I came into the Barrel Roll aid station (mile 35 and 30 minutes after running out of water), grabbed my drop bag, swapped bottles, and took a caffeinated Gu shot. Barrel Roll was about the same mileage as Zen, but less technical and with half the amount of climbing. Knowing that I only had about 6 miles of tough trail left (the last 3 miles of the race being mostly downhill and with 1 mile of pavement), I attempted to make one last hard push.
I took the wrong line into the entrance of the saddle section of Barrel. I stopped, backed up, and then cruised through the steep descent. I knew better than to try the knuckle breaker climb and ran up that short steep pitch before hopping back on. The last 3 miles I began to feel real good as the caffeine kicked in and I started picking off racers one by one. The final descent back to the double track was so much fun and I just let'r rip, knowing that if I did flat, I would just ride my Industry 9 carbon hoop into the finish. At this point, finishing quickly was worth a potential rim sacrifice. I was so ready to be done!
Unfortunately, even sharing pulls with a fellow racer, I was unable to reel Carri back in (she finished 1 minute ahead). I crossed the finish line in 4:31:46. The website purports a time of 4:21:15 but there were some major issues with the timing across all categories, so I am pretty sure my Garmin was the correct time. I managed to eek out a top 10, pretty proud of that I must say, and I did finish ahead of the ladies in the Master's category. Hmmm ... maybe I will make a go out of a NUE series championship in 2020.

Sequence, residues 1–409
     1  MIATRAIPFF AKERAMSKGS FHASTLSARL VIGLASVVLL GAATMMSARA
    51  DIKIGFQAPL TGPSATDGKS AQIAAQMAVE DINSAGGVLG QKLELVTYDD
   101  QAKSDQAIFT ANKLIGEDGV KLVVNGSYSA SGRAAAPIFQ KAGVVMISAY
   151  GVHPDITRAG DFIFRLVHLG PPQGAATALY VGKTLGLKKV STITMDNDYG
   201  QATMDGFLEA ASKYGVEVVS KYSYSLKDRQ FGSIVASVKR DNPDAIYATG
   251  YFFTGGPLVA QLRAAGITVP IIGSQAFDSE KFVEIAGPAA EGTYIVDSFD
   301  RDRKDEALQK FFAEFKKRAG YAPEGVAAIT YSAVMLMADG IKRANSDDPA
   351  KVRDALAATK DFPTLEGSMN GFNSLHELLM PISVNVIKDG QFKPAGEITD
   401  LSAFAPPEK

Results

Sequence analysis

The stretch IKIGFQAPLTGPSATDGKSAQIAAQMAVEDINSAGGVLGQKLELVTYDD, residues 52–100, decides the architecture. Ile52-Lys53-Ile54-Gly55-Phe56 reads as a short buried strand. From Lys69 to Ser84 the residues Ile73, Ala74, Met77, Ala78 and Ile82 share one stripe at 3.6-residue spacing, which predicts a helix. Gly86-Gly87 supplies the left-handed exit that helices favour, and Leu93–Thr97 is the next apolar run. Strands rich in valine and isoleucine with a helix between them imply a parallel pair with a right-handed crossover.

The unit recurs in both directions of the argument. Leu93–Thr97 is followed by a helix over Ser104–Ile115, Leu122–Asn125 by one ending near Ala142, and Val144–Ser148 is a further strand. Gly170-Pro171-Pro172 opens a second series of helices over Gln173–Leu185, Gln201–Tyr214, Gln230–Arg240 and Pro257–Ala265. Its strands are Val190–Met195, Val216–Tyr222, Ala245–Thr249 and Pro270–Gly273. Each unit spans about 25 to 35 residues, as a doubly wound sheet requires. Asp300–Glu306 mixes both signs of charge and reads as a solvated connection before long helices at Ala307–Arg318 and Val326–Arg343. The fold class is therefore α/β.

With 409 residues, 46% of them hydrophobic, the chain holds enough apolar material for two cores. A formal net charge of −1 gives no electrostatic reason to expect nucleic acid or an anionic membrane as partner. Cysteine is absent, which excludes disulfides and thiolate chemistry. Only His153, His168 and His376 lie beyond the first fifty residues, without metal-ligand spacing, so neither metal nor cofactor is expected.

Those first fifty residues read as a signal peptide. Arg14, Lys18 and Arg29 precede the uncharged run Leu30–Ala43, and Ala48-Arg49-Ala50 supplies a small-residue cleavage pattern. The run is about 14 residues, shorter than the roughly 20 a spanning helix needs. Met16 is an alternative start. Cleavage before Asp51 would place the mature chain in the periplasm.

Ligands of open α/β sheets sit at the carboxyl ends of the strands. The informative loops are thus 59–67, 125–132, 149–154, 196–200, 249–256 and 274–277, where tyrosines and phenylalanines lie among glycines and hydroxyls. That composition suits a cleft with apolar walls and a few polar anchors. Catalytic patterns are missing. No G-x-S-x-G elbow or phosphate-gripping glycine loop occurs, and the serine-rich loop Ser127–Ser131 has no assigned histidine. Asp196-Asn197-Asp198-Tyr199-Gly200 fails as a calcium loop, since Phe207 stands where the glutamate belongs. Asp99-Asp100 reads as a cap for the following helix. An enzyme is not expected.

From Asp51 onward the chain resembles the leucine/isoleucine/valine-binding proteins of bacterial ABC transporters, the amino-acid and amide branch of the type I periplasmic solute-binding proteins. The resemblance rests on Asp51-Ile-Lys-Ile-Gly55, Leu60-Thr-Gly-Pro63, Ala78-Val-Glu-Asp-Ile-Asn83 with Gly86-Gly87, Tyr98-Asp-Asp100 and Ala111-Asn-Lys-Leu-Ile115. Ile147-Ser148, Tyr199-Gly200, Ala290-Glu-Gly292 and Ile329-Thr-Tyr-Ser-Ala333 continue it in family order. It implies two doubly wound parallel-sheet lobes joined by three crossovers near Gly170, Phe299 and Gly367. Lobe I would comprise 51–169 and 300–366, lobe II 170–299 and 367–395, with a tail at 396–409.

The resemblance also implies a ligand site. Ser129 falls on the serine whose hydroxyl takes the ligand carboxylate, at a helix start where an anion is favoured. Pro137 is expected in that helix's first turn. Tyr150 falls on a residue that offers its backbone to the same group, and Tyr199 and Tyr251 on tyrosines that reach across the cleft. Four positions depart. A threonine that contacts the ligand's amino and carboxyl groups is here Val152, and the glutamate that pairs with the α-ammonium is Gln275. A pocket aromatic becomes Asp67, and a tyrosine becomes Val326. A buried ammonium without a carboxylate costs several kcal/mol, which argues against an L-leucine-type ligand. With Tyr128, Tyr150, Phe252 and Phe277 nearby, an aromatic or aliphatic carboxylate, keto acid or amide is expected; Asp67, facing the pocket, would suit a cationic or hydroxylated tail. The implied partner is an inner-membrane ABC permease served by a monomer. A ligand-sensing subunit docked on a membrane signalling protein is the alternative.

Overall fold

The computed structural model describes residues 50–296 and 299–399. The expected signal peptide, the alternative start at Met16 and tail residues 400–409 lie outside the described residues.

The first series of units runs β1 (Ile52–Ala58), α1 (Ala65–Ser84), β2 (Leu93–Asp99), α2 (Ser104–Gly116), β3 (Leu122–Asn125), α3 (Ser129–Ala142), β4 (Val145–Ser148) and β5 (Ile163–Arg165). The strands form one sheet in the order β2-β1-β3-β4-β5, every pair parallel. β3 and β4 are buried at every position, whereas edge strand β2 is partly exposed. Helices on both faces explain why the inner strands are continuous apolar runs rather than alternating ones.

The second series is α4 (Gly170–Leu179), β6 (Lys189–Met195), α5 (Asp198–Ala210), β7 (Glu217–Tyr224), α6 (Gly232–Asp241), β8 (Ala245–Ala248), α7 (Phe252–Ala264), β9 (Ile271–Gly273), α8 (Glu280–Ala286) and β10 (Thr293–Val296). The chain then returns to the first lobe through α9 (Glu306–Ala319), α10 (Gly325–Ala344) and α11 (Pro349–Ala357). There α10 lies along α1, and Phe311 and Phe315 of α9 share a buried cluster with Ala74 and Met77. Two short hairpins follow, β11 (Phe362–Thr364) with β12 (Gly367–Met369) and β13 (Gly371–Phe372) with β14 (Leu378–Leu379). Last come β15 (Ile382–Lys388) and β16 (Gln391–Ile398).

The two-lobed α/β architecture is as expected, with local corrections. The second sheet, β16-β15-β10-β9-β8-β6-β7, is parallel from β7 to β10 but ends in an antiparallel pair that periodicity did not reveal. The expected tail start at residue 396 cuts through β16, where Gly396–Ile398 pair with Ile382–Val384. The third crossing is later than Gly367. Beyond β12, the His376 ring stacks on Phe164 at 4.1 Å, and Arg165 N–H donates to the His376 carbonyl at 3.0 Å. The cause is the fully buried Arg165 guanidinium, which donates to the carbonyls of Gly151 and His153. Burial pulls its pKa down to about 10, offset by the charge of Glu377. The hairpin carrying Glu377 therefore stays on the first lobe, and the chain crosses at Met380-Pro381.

I absolutely loved this course. My meat and potatoes! The slickrock is amazingly grippy. To be able to climb super steep pitches without any rear wheel spin is so much fun. I wish I had more time to spend and session some of the sections that I was just too gassed to attempt.
Spending a week with my teammates on this Rescue Racing Stokecation was a pure joy. I LOVE you guys: Twan, Smooshie, Durango Kid, DJ, and Scott "1000 TSS" Morman. I finally got my RR name by way of Smooshie: 3G! And seeing how Joe Urbanowicz was so "starstruck" with Utah and crushing the hundie at only 16 years of age ... well, made me feel good that I could play a small role in his happiness.
Linda Wallenfels finished 2nd in the Open category. Hell yeah, that's my coach. And then she played tour guide, showing us new trail in the following days.
UTAH ... I'll be back. 357'ish days and counting ...